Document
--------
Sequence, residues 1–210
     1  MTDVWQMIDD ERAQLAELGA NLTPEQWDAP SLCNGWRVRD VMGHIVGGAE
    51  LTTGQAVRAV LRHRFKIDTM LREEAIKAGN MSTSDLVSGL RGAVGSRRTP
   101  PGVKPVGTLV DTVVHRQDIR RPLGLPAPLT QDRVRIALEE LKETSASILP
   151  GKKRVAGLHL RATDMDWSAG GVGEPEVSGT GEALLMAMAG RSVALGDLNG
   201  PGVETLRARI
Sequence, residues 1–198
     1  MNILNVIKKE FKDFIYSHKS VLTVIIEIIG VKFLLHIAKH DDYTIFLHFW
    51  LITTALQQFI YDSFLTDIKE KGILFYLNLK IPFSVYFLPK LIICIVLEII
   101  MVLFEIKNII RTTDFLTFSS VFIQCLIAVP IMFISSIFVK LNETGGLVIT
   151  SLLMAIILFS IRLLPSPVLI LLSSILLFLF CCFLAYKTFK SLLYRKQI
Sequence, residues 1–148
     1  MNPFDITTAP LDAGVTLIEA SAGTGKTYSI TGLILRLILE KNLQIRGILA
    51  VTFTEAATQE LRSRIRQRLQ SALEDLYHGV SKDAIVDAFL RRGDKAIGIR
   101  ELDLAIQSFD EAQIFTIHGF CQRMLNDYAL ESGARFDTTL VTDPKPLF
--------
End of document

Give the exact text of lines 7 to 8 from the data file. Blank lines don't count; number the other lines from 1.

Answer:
Sequence, residues 1–198
     1  MNILNVIKKE FKDFIYSHKS VLTVIIEIIG VKFLLHIAKH DDYTIFLHFW